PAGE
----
Coaching and relationships

Effective coaching is about positive and supportive relationships, and it may be necessary in some cases to move coaches and participants around, if honesty, trust and compatibility become a concern. This can be a problem in schools, but this support should not be given up.

This arrangement should not be confused with instructional coaching, which has its obvious merits in improving classroom practice and pedagogies. Many schools are using this strategy, which includes coaching feedback.

Coaching does not make problems go away, but it can change the participants’ ownership of issues and empower them to progress. Having the space for engaging in coaching is always necessary, as it often requires courage for staff to think and behave differently.

Getting staff on board

In moving to a coaching establishment, the headteacher and/or an external professional will need to dedicate training time to get staff on board and answer questions. This will include the:

  • why coaching is important
  • how to coach 
  • where coaching takes place
  • when coaching may occur.

Contracting and confidentiality at the beginning of the coaching process is vital for all concerned, so this should be given priority to ensure clear boundaries are set. If staff are given the time in a training day to consider these issues, they will together be able to design an acceptable coaching policy, which will be congruent with the vision and aims of the school.

Such a policy will need to consider the timing of coaching sessions, such as early mornings, after school or in a free lesson for example, and the location. All of this is not easy in busy schools but involving staff from the beginning and having a coaching policy created by staff will help allay any worries and get them on board with it.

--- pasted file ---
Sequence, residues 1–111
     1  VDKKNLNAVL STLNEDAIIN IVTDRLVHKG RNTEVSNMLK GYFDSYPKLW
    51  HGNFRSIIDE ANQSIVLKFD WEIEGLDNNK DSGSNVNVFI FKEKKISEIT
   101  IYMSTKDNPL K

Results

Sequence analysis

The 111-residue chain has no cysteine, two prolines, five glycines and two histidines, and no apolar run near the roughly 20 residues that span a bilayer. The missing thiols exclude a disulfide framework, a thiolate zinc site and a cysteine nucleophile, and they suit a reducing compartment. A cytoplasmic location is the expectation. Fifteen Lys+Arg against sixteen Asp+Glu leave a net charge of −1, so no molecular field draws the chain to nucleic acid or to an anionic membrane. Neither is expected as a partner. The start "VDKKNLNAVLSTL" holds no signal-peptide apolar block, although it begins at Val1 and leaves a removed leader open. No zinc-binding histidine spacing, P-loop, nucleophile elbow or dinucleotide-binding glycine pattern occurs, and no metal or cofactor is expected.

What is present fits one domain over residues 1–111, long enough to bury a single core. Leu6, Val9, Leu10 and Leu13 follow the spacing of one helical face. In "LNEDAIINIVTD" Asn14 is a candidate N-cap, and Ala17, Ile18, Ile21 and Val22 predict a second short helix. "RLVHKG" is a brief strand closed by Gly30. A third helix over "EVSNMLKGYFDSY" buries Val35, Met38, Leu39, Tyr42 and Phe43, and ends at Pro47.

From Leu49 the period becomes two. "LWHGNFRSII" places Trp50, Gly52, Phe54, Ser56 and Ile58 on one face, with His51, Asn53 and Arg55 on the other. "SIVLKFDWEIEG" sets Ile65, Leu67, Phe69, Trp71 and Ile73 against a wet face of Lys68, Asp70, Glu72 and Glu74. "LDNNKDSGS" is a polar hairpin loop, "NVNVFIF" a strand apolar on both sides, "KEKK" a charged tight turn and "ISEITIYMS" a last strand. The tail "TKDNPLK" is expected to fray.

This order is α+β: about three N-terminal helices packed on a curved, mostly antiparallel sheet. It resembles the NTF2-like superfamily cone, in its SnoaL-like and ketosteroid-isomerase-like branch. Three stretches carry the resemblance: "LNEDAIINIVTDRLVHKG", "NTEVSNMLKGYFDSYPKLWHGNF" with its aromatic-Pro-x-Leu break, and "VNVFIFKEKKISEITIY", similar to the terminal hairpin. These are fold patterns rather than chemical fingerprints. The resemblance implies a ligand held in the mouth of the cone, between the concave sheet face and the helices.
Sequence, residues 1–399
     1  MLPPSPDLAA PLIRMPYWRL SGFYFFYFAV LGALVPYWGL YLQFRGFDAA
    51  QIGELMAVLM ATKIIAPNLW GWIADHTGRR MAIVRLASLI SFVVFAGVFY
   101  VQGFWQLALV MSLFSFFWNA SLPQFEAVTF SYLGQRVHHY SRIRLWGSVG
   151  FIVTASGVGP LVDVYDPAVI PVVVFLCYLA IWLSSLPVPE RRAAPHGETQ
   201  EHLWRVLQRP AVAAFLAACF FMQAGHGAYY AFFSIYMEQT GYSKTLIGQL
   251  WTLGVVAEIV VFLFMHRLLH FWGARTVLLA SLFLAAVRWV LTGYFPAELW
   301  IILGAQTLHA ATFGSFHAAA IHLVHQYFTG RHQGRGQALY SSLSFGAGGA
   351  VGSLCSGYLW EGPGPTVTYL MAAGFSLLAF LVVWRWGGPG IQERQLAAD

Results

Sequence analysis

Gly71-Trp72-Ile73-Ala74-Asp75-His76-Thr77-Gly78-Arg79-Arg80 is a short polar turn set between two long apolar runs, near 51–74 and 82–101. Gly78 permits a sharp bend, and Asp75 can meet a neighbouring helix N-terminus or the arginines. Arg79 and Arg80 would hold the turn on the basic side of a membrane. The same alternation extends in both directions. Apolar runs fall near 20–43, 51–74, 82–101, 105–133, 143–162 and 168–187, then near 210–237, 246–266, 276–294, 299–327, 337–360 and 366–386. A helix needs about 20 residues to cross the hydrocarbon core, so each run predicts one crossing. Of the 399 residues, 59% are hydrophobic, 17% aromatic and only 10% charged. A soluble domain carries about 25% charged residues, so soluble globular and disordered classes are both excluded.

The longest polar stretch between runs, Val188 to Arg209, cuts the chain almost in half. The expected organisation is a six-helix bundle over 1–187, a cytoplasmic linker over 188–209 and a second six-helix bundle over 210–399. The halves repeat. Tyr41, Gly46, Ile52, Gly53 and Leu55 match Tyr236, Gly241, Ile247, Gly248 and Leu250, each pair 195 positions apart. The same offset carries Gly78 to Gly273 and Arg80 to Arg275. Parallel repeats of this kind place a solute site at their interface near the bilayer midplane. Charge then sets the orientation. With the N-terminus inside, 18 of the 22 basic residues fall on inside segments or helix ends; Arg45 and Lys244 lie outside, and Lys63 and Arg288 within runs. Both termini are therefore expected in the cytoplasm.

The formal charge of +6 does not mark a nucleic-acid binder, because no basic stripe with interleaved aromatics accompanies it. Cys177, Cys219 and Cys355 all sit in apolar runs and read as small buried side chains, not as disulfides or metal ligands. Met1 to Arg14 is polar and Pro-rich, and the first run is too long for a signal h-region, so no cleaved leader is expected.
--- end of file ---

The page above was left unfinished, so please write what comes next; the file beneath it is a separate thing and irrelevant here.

Effective coaching is about positive and supportive relationships

Measuring the impact of coaching

A happy, well supported school team will be a good place to work in, an attractive one to prospective staff, and happy staff equals happy pupils.

Great leaders and teachers have passion, purpose and effective listening skills, and are always authentic. They demonstrate this every day, and in every interaction, helping all to feel valued and important. Communication, integrity, inclusion and sensitivity to the needs of staff, round out the qualities and characteristics of aspirant and effective leaders.
When I undertake consultancy with schools, I try to have a couple of hours walking around the school during lessons and unstructured times. I will watch for staff and students smiling at one another, having a brief chat, and, importantly, eye contact.

In so doing, I can generally take the temperature of the school ethos, combined with positive displays of work, students’ photographs and pride in the school. Linking this culture with outcomes and progress is often fairly easy and apparent.

Other measures of assessing the school re KS3/4 progress and attainment or performance management are mechanistic aspects of how well a school is doing. But the school culture, happiness and satisfaction as a teacher, leader, TA or student is all about relationships, and coaching is indeed pivotal to this.

I believe a coaching ethos is the way forward in schools currently, to overcome some of the external pressures on schools. Such an ethos can only make schools and all within them more effective, and stronger places to work and learn in.

Last Updated: 
15 Aug 2022